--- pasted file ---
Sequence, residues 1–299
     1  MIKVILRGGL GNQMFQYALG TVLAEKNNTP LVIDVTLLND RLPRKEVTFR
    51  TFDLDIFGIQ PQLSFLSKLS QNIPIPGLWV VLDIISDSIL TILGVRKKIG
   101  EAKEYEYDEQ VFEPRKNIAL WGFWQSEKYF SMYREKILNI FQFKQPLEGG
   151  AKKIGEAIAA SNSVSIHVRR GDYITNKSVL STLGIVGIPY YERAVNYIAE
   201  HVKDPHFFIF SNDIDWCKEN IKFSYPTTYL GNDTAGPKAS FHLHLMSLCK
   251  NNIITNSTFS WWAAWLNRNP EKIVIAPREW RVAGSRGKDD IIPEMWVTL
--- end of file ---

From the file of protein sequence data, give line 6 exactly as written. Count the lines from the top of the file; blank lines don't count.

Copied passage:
   201  HVKDPHFFIF SNDIDWCKEN IKFSYPTTYL GNDTAGPKAS FHLHLMSLCK